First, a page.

Italian Fashion Designer’s Will Challenged
NEW YORK (AP) _ The widow of Italian fashion magnate Aldo Gucci is challenging a will that leaves all of his American property to the woman he lived with and to the daughter she bore him.
Gucci, who died Jan. 19 in Rome at age 84, left an estate worth millions of dollars. But his will, filed for probate in Manhattan Surrogate Court, says only that the estate is worth more than $500,000.
Olwen Price, 82, Gucci’s English-born wife who bore him three sons, filed a challenge to the will two weeks ago.
Gucci’s will, executed in Palm Beach, Fla., on Nov. 3, 1989, leaves half of his U.S. estate ″to my wife Bruna Palombo Gucci″ and half to their daughter Patricia Gucci Losio, 25.
There is no indication that Gucci and Palombo ever formally married, nor that he divorced Price, though they lived apart for many years.
In their petition for probate of the will, Gucci’s lawyers named Price as Gucci’s wife, although the will names Palombo.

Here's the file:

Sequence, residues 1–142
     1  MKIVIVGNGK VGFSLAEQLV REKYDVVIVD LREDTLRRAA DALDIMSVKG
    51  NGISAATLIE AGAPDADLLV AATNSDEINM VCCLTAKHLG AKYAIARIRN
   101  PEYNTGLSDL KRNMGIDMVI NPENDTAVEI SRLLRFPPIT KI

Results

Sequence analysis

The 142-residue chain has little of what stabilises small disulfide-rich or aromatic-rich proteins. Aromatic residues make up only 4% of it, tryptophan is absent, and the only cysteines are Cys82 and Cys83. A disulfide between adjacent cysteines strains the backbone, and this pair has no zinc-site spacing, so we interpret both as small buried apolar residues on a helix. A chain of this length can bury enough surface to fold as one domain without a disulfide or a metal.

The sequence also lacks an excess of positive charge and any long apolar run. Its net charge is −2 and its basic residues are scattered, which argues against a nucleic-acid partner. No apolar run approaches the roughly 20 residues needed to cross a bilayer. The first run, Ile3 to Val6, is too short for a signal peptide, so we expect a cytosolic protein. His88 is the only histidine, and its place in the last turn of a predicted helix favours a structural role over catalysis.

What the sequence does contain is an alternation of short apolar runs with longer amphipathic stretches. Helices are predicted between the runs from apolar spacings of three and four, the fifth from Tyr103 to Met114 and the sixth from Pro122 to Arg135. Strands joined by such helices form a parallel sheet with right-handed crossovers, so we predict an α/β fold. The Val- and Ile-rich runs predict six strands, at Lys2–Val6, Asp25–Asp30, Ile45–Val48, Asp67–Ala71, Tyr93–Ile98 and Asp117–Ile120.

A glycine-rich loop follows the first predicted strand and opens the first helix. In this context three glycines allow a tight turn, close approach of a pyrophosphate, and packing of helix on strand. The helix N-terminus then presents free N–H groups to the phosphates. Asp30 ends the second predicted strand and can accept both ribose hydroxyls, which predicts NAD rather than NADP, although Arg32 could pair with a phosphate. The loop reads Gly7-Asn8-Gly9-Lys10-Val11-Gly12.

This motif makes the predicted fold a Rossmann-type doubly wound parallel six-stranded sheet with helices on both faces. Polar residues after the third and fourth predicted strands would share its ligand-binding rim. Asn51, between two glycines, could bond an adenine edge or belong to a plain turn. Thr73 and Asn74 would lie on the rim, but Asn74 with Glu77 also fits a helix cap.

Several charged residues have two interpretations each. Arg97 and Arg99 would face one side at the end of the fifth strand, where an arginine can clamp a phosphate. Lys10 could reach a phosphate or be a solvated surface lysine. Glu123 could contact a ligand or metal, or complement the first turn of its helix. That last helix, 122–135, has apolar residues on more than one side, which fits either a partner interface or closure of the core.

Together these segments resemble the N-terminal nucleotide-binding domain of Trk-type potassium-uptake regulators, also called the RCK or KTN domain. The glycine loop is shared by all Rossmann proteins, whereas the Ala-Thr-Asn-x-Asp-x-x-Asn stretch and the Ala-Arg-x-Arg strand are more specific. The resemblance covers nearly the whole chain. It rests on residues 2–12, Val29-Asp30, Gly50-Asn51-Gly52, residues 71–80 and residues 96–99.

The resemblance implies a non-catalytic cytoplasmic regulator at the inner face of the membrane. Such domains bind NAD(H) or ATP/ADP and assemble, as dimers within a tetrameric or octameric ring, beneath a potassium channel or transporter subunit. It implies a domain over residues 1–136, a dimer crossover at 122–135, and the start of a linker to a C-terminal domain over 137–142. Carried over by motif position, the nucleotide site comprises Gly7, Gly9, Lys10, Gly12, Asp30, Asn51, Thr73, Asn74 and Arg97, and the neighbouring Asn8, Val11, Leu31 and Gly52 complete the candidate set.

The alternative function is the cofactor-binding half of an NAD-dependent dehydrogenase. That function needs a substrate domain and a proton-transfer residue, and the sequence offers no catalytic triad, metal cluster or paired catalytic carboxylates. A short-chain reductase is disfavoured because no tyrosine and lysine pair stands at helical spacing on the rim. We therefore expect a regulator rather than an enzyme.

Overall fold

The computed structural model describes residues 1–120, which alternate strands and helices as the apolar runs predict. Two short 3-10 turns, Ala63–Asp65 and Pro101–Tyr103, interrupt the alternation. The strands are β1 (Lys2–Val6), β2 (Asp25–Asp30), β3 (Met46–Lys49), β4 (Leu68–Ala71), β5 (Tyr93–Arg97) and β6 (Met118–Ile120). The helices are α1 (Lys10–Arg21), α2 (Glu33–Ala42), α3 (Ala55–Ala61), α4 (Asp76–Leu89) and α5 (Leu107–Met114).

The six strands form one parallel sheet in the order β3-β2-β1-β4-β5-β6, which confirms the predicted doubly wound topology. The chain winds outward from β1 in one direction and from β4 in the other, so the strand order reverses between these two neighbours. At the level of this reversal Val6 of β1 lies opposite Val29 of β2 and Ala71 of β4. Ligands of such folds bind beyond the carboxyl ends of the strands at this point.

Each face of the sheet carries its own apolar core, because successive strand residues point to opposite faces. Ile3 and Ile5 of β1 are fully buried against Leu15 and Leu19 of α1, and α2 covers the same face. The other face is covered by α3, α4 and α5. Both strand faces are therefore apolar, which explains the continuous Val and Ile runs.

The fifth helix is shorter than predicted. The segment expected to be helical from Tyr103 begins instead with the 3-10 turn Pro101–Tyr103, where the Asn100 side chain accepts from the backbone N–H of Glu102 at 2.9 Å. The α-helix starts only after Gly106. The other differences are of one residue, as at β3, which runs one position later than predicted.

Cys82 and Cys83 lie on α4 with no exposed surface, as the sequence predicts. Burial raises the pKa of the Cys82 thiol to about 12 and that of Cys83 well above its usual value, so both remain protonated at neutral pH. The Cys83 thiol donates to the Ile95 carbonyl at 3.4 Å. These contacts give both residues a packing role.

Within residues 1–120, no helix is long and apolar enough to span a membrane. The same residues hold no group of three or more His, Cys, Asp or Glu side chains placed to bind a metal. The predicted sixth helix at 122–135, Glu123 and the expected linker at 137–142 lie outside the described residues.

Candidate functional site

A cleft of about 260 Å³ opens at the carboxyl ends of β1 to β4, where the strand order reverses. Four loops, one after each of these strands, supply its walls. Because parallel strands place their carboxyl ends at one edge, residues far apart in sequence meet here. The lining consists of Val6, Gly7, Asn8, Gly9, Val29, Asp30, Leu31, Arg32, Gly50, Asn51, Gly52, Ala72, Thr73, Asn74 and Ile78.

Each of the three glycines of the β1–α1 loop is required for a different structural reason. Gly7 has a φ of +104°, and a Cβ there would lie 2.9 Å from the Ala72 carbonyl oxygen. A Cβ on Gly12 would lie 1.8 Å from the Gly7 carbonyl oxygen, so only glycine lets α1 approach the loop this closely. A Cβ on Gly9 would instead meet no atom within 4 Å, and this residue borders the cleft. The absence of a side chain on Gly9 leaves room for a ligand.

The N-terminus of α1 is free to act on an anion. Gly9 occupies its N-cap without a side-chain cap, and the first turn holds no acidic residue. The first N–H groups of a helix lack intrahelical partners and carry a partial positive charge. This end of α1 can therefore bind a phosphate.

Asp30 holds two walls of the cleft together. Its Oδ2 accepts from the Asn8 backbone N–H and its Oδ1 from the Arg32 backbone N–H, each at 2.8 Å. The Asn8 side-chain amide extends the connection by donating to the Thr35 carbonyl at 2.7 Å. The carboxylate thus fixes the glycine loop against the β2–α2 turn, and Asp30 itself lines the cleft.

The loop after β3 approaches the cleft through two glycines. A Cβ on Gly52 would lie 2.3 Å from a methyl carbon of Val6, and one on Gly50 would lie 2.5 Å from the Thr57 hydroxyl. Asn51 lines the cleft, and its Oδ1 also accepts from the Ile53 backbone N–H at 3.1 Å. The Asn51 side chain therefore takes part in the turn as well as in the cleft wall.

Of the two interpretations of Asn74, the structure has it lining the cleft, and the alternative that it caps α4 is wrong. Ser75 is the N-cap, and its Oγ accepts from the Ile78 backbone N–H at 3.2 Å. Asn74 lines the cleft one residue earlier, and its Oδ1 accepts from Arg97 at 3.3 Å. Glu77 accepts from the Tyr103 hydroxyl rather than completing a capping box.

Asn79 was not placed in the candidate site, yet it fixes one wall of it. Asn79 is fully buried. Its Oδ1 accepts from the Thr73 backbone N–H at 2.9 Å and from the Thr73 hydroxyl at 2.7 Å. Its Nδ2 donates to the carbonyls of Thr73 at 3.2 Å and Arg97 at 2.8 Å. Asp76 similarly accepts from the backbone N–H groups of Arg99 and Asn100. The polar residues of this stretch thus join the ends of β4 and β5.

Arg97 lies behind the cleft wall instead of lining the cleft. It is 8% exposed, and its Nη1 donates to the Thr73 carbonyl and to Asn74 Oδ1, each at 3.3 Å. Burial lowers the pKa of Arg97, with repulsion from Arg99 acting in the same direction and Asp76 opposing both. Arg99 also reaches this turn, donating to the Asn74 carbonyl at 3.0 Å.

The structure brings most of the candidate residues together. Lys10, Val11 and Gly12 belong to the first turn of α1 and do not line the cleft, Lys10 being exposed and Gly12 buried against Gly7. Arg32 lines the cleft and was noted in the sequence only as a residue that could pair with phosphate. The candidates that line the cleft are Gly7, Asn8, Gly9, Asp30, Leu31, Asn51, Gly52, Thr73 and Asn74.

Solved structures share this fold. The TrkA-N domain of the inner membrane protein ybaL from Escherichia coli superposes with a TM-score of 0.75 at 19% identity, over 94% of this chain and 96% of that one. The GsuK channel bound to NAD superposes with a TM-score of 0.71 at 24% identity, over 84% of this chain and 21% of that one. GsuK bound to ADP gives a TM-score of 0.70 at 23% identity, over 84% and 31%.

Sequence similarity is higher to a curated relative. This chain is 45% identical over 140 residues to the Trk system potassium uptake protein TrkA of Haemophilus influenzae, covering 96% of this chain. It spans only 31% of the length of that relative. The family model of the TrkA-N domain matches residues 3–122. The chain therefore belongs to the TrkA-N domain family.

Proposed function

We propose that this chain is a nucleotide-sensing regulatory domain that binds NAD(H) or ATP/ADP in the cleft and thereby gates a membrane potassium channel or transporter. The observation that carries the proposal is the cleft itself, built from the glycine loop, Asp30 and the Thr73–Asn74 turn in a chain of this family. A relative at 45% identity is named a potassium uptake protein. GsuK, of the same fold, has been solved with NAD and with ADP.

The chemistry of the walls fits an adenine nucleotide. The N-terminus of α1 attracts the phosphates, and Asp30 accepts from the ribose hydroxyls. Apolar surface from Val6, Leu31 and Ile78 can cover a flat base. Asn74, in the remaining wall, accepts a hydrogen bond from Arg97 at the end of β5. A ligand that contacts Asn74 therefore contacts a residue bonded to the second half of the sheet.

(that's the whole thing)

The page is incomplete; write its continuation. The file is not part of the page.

The will also says Gucci ″openly acknowledges Patricia Gucci Losio as his daughter.″
Price, who lives in Rome, and two of the sons, Paolo of West Sussex, England, and Roberto of Florence, say the will was ″not freely or voluntarily made.″
They charge that it was ″procured by fraud, duress and undue influence practiced upon the decedent by an individual purporting to be his wife, to wit, Bruna Palombo.″
Price’s third son, Giorgio of Rome, is not contesting the will.
Price’s court papers also charge that the will was invalid because the witnesses did not sign in Gucci’s presence or in the presence of each other.
Price, who says she is entitled to the ″widow’s share″ of the estate, says the 10-page will filed here was revoked by a will handwritten by Gucci Nov. 8 in Rome. She did not cite the that will’s provisions.
Karen Barkhorn, a lawyer for the estate, confirmed that an Italian will exists but refused to comment on its validity.
Gucci pleaded guilty and was sentenced in 1986 to a year and a day in prison for evading $7.4 million in income taxes.